C4 - Chemistry

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  • C4
    • Atomic Structure
      • Protons have a charge of +1, Neutrons 0 and Electrons -1
      • When looking at an element in the periodic table, the bigger top number is the relative atomic mass and the smaller bottom number is the atomic number
        • The atomic mass is protons + neutrons and the atomic number is both the number of protons and electrons
      • Some elements have two different atomic masses, yet the same atomic number. These are called isotopes
        • Example: Chlorine. 75% of chlorine atoms have 18 neutrons, 25% have 20, making the mass either 37 or 35.
      • Elements in the same group (vertical) have the same amount of electrons and elements in the same period (horizontal) have the same number of shells
    • Ionic Bonding
      • Ionic bonding happens between a metal and non-metal ion
        • Electrons transfer from the metal to the nonmetal, causing them to be attracted to eachother
          • These form giant ionic lattices, which have strong attractions, They are solid.
      • If an atom loses electrons it becomes positive and if it gains electrons it becomes negative
      • The 'Dot and Cross' model can describe ionic bonding
        • During the bonding of magnesium oxide: the magnesium atoms lose 2 electrons to form positive ions. The electrons go to the oxygen making it negative.
          • Magnesium has two electrons in its outer shell, whereas oxygen has 6. To make a full shell of 8, magnesium 'donates' its 2 to oxygen
    • The Periodic Table and Covalent Bonding
      • Covalent bonding is where non-metals combine with eachother, sharing electrons to form covalent compounds
      • 1865 > Newlands put 56 elements into groups and saw that every 8th element acted similarly
        • 1869 > Mendeleev arranged the elements in order in a table, noticing gaps and predicting new elements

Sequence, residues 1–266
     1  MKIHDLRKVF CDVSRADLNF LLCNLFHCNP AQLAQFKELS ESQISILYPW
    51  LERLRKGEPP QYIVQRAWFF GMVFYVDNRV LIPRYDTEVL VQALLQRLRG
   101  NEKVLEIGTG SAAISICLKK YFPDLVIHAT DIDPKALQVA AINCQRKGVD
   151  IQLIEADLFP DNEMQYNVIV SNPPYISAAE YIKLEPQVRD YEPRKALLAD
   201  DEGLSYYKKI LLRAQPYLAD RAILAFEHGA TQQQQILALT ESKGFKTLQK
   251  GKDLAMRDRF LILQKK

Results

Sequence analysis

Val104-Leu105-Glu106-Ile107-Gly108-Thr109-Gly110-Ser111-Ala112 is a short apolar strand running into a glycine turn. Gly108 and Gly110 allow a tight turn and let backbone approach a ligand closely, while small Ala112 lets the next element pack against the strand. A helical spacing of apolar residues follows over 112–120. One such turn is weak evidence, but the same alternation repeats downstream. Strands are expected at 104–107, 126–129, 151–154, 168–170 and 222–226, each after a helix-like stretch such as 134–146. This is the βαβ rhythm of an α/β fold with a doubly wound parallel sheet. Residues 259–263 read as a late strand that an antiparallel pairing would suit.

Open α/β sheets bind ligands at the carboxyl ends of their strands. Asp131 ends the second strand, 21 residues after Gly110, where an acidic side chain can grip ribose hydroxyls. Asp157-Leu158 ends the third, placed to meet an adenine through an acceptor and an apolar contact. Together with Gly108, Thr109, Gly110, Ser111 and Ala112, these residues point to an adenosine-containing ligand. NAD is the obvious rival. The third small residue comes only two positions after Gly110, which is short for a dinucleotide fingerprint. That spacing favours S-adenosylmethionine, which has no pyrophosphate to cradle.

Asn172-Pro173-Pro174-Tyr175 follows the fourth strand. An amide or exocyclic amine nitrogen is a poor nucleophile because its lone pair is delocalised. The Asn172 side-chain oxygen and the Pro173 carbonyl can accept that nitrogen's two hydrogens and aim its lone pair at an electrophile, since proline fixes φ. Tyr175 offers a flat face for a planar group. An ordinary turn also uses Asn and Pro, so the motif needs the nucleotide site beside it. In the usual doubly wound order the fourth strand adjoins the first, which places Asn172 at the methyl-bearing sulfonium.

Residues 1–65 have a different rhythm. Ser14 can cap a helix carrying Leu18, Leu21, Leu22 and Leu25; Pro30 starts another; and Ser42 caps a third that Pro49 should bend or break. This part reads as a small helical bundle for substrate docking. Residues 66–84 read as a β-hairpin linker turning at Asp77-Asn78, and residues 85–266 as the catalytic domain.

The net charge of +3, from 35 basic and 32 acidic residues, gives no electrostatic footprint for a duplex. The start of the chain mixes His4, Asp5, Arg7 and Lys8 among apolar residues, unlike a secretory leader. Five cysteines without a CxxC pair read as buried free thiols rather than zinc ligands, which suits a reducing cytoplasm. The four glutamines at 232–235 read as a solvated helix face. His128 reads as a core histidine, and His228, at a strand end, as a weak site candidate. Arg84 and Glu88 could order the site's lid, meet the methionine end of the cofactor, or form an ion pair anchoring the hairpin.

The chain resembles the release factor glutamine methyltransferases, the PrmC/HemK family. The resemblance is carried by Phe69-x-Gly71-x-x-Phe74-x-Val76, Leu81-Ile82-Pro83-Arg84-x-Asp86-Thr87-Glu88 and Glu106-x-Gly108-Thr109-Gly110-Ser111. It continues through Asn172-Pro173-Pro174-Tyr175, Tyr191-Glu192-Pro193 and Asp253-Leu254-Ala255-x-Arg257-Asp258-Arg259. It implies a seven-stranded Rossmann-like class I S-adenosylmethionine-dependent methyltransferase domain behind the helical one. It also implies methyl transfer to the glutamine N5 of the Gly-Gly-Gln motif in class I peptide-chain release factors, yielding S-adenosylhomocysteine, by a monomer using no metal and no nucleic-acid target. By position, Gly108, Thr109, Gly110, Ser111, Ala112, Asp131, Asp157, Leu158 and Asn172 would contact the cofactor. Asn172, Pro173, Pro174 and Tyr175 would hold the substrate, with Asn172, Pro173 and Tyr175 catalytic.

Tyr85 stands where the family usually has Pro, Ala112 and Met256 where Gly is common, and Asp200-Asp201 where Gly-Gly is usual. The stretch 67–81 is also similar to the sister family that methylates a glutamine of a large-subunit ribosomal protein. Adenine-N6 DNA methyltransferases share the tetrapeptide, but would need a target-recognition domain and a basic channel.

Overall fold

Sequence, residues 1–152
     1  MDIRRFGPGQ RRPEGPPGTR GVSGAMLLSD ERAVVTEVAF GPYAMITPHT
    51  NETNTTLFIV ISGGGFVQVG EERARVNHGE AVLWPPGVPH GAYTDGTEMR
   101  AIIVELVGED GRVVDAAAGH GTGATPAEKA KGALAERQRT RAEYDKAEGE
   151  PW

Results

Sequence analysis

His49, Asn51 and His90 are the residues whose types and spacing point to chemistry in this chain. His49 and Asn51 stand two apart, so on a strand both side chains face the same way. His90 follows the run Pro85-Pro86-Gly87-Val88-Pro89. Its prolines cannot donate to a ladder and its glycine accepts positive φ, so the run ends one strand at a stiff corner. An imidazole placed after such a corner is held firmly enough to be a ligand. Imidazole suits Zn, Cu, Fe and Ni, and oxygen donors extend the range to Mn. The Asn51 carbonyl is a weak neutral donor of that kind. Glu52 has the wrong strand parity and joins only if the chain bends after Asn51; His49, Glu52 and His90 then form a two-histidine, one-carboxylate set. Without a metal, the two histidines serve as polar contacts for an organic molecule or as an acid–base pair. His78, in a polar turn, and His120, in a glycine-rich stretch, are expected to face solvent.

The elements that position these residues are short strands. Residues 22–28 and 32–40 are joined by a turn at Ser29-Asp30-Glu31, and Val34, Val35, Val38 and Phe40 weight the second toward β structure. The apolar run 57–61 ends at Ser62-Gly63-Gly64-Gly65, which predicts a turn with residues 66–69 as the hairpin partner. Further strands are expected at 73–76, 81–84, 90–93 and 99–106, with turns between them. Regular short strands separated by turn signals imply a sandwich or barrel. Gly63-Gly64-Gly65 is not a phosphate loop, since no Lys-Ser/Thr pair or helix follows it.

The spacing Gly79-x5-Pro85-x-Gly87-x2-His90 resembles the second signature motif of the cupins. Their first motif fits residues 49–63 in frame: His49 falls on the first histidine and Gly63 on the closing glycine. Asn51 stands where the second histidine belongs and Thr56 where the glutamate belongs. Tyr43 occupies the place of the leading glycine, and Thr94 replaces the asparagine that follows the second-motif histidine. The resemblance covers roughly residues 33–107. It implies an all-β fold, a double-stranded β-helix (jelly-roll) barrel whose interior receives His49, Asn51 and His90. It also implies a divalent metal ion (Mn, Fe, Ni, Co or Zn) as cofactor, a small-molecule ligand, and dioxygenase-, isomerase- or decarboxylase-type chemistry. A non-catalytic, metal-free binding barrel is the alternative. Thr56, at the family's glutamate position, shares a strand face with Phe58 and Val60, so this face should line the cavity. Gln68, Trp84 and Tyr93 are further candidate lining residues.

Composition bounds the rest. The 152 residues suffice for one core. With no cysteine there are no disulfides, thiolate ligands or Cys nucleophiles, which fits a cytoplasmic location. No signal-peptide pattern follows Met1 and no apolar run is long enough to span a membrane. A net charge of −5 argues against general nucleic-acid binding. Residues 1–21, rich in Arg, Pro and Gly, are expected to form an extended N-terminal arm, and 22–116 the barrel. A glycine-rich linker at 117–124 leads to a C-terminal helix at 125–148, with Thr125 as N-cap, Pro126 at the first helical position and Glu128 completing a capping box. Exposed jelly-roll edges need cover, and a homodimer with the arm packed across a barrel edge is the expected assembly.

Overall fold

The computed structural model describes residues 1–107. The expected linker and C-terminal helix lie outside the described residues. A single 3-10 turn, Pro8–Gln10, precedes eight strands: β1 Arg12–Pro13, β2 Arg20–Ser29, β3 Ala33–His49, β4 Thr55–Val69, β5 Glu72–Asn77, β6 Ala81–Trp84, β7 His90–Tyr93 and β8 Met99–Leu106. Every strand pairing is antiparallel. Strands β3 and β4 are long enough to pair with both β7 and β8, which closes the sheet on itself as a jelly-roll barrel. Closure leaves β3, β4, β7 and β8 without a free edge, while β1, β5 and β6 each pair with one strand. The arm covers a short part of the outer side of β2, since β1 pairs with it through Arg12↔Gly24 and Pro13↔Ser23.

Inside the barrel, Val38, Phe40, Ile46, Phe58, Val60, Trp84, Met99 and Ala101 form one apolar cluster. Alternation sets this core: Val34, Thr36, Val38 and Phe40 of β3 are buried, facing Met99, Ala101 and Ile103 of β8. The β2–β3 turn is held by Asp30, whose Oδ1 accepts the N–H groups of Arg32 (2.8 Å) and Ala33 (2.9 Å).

• Group 1 (Alkali Metals)
      • Lithium (Li), Sodium (Na), Potassium (K), Rubidium (Rb), Caesium (Cs), Francium (Fr)
        • Less dense  Most dense
          • High melting Low melting
      • Metal + Water > Metal hydroxide + hydrogen
      • All group 1 elements have 1 electron in their outer shell. The further down the table, the more shells, so the electron is further from the nucleus, so the bond is weaker and the element is more reactive
      • Flame Test: This tests for the presence of the less reactive group 1's. Simply hold a wet splint with the compound over a flame and observe the colour
        • Lithium is red, sodium is orange and potassium is purple.
    • Group 7 (Halogens)
      • Chlorine is a green gas used in pools, bromine is an orange liquid used in insecticides, iodine is a grey solid used as an antiseptic and flourine is a yellow gas added to toothpaste
      • They all have 7 electrons in their outer shells so share to make 8
      • When group 7 and group atoms react a metal halide is made
        • E.g. potassium + iodine > potassium iodide
          • In a symbol equation there is usually 2 halogens
      • If a halogen is are added to a less reactive metal halide solution, the halogen replaces the current one. This is displacement
        • E.g. flourine + sodium chloride > sodium flouride + chlorine
    • Transition Elements
      • These are inbetween groups 2 and 3. They often form coloured solutions/compounds
        • Copper  is blue, iron (11) is light green and iron (111) is orange
        • They often form catalysts. Iron speeds up ammonia and nickel speeds up margerine
      • In thermal decomposition, one substance breaks down to form 2 or more other substances
        • Metal carbonate > metal oxide + carbon dioxide
          • This is tested in the lime water test where water goes cloudy
    • Metals and Superconductors
      • Properties: copper can be used in saucepans due to its high conductivity of heat and aluminium is used in aircraft due to its low density
      • Metals have very strong bonds as they're shaped as regular lattice structures. The metal ions are closely packed with a sea of delocalised electrons inbetween
      • Superconductors are materials that conduct with little or no resistance, meaning they lose no energy
        • Advantages: loss free energy, environmentally efficient due to low CO2 emissions, smaller motors
        • Drawbacks: restricted range of temperatures, could be dangerous, brittle and sensitive
    • Purifying Water
      • Sources: rivers, lakes, ponds, wells, canals, streams, oceans
      • Used in the production of wood, paper, metals, oils, gasolines and chemicals
      • Substances like agricultural run off, sewage, phosphats, nitrates, salt and mercury get into water and must be removed
      • They are removed in 3 main stages
        • 1) Sedimentation, where chemicals make large particles settle at the bottom
          • 2) Filtration removes very fine particles in sand and gravel filter beds
            • Chlorination kills disease causing microbes




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